It subjects her medical treatment to which she never consented to and never would have consented to. Depending on her religious beliefs, she may have thought that being in such a state denied her the possibility of heaven or of rest for decades. She may have even been right; we have know way of knowing.

We obviously do not consider it all right to desecrate a corpse, or to disrespect the deceased's wishes about how his or her remains should be treated. Whatever motivates us in that case, ought to motivate us much much more when there is a living body.

There is quite literally no outrage that could be committed upon my dead body that fills me with as much horror as existing in Terry Schiavo's state for decades. None. Not even close.

You rule would also be equally applicable in cases where a patient was past the point where he could express any competent wish about whether kept alive, but could still feel a great deal of pain.

It also subjects her relatives to one of the worst forms of psychological anguish that I can possibly imagine. Voluntarily in her parents' case, and if they were her guardians that would settle it. But involuntarily in her husband's case, and if your suggestion became law, it might apply even when all the relatives wished for the person to be allowed to die.

I cannot tell you, without going into details that are much too personal to reveal here, what sort of destruction and pain your supposedly compassionate rule would have inflicted upon my family in the past year if it was written into law.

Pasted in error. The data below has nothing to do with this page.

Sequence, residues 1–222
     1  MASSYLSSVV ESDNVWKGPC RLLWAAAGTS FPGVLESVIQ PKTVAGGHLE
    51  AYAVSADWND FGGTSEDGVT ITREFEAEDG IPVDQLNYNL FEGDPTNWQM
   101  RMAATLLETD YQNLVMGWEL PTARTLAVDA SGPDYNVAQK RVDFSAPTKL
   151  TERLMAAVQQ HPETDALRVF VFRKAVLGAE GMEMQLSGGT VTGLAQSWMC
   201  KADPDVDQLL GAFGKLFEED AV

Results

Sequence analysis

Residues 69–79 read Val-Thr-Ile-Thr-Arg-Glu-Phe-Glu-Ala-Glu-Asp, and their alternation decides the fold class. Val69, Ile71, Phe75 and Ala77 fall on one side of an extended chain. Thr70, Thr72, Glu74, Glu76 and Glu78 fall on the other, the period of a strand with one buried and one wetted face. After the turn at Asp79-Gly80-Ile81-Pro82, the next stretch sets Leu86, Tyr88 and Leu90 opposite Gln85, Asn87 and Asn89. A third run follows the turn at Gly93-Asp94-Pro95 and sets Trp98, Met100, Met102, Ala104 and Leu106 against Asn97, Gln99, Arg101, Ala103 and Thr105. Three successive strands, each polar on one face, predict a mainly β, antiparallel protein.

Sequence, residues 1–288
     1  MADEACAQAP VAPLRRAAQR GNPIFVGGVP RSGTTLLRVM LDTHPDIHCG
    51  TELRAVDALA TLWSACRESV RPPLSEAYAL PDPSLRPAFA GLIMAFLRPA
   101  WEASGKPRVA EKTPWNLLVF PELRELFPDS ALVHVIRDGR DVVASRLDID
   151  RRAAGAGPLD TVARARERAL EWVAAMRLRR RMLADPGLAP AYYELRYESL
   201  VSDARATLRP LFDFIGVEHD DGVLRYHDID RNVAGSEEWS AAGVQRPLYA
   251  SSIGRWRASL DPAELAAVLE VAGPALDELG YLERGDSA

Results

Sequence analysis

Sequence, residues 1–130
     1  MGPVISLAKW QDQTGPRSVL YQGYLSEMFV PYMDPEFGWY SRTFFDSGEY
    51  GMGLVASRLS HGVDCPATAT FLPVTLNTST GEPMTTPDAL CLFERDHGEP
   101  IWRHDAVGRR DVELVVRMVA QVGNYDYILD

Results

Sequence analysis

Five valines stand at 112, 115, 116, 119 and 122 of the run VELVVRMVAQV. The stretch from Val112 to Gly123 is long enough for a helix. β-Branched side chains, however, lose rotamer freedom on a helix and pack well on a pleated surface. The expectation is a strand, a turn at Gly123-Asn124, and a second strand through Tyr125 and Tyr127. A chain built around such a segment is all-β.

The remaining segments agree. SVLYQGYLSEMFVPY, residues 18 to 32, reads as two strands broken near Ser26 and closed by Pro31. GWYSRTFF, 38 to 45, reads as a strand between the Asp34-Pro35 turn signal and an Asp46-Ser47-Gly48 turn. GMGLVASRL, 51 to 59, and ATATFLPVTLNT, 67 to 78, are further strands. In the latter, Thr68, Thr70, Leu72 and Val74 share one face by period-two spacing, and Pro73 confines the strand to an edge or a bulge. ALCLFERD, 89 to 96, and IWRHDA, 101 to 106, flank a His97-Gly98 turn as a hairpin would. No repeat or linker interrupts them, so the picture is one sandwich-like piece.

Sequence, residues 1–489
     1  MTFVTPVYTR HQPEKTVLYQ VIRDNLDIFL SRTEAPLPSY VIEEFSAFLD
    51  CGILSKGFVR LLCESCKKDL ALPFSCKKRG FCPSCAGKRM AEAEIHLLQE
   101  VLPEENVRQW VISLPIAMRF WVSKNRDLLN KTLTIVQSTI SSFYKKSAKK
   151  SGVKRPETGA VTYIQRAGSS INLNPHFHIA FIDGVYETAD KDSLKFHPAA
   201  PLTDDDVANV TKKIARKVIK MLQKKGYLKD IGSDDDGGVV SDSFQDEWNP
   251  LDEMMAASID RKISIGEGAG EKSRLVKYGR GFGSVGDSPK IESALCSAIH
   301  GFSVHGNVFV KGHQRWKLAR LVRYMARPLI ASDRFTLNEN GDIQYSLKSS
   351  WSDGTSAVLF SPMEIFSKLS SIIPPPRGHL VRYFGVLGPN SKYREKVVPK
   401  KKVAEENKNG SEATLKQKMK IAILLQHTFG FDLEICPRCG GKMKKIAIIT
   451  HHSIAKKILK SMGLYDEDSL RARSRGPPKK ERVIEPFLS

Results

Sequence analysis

Just to explore a little further, this would mean that brain dead infants would also require the same level of certainity? I understand the intellectual idea behind your opinion, but I wonder how it runs into other situations where resources dictate that it isn't practical.

"And it is true that all my arguments here rest on the assumption that it is worse to kill someone who wishes to remain alive than it is to keep someone alive who wishes to die."

I would guess that every single one of us is working from that assumption and Florida law does too--hence "clear and convincing evidence." But when you raise it from "clear and convincing evidence" to "absolute certainty", you guarantee keeping alive many, many people who wish to be allowed to die, and whose families wish them to be allowed to die. You cause needless pain. You will ironically also cause needless premature deaths, because people will tend to refuse medical care earlier on, when they still have the option of doing so, rather than risk being kept alive against their will when their brain has been destroyed or they are experiencing agonizing pain, and rather than risk the suffering and expense this will cause their relatives. You will cause even more premature deaths by driving up health care costs and health care premiums in a way that causes even more poor and lower medical class people to be denied access to health.